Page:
Last year, President Obama recess appointed career diplomat Robert Ford to be U.S. ambassador to Syria after Senate Republicans refused to confirm him to the post. Republicans claimed that sending an envoy to Damascus would be rewarding bad behavior. Now that Ford has shown the merits of a high-level U.S. presence in Syria, particularly since the pro-democracy uprisings there, some who opposed Ford’s confirmation have changed their minds. Yet the Washington Post reported last week that a Senate GOP aid said some Republican senators will probably place a hold on Ford’s confirmation (his recess appointment expires at the end of the year).
In an interview with the Daily Caller, Ford urged these senators to reconsider:
Also significant, Ford said, is his presence as a personal representative of the American president, which is why he says it is imperative the Senate officially confirm him.
“Lower level diplomats are great, but they don’t carry the weight, they don’t carry the prestige of the president’s personal representative,” he explained.
Ford also expanded on the nature of the Syrian opposition. “I’m sorta amazed that they’re not fucking crazy,” he said, adding that it’s likely that any government that emerges in a post-Assad era will be a secular one:
“My own sense is, from my own discussion with Syrians, is that the Islamist element is actually not very strong in this country,” he argued. “The Muslim Brotherhood is pretty much stamped out by Bashar’s father, Hafez al-Assad. And so most of the Islamists that are active politically are outside of Syria.”
“I think the internal opposition, there are absolutely Islamists among them,” he continued. “When you look at the street protests, they are on Fridays, so there is probably an element of people being in mosques and then going to the protests, but there are plenty of people who don’t go to the mosques but are also marching… It is a pluralistic kind of opposition.”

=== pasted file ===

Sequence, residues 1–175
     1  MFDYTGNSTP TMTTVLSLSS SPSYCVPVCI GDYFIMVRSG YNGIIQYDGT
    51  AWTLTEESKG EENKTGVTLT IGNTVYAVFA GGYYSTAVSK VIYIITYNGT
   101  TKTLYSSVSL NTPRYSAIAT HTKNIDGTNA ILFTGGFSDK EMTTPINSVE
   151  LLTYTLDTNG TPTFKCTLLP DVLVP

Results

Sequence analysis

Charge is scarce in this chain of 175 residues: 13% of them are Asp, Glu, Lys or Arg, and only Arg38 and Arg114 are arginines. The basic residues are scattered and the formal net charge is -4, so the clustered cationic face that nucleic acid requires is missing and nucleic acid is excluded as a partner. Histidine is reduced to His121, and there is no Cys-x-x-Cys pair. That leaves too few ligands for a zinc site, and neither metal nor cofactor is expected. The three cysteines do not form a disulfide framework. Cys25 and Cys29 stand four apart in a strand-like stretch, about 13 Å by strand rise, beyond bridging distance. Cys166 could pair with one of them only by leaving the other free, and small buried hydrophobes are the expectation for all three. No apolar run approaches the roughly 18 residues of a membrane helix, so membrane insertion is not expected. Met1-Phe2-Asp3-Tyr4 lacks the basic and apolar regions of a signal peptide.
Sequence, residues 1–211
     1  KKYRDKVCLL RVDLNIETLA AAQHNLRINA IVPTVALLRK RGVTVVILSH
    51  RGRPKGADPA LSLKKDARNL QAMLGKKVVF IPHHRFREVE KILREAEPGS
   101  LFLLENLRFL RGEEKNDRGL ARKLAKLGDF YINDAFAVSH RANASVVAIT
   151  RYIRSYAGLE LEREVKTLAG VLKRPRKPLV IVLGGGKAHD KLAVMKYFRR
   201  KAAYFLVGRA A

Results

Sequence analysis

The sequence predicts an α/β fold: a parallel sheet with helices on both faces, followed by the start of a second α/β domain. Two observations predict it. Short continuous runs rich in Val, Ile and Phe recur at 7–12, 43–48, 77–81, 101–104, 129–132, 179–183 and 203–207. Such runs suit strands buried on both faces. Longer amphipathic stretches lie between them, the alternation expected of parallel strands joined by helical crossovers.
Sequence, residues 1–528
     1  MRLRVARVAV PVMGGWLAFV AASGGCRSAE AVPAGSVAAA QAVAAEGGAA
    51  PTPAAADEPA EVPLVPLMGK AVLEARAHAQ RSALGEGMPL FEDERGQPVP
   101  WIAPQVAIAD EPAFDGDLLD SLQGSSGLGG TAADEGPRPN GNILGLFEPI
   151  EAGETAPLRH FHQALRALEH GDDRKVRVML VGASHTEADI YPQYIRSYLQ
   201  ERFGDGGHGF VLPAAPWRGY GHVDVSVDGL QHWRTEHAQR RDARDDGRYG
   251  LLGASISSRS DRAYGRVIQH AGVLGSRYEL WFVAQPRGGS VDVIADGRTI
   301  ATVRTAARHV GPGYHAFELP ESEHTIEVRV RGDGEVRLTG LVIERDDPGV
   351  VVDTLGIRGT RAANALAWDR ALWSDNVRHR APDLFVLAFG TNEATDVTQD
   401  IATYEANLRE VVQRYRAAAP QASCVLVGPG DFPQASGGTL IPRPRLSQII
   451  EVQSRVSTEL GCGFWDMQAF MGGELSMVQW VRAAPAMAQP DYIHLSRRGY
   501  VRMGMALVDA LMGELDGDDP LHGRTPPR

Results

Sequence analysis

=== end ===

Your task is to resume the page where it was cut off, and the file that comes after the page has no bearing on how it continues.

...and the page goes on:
Ford also said that while demonstrators welcomed him when he traveled to Hama in July to join them in “solidarity,” they aren’t necessarily waving American flags. Why not? The invasion of Iraq and baggage from the Israeli-Palestinian conflict. “I will be honest with you, the reputation of the United States after Iraq and after our policies with respect to the Israeli/Palestinian dispute, a lot of Syrians look at us with very mixed emotions,” he said.
The New York Times reported this week that the Obama administration is leaving Ford in Damascus “so he can maintain contact with opposition leaders and the leaders of the country’s myriad sects and religious groups” in order to avoid chaos in the event of the fall of dictator Bashar Al-Assad.
In a post titled, “Has Ford earned his ambassadorship?” right-wing blogger Jen Rubin passes on a quote from neocon Robert Kagan: “I understand why people had doubts about keeping an ambassador in Syria, but circumstances have changed. At this stage, it is important that Ford remain in Damascus, and the Senate should confirm him as soon as possible.”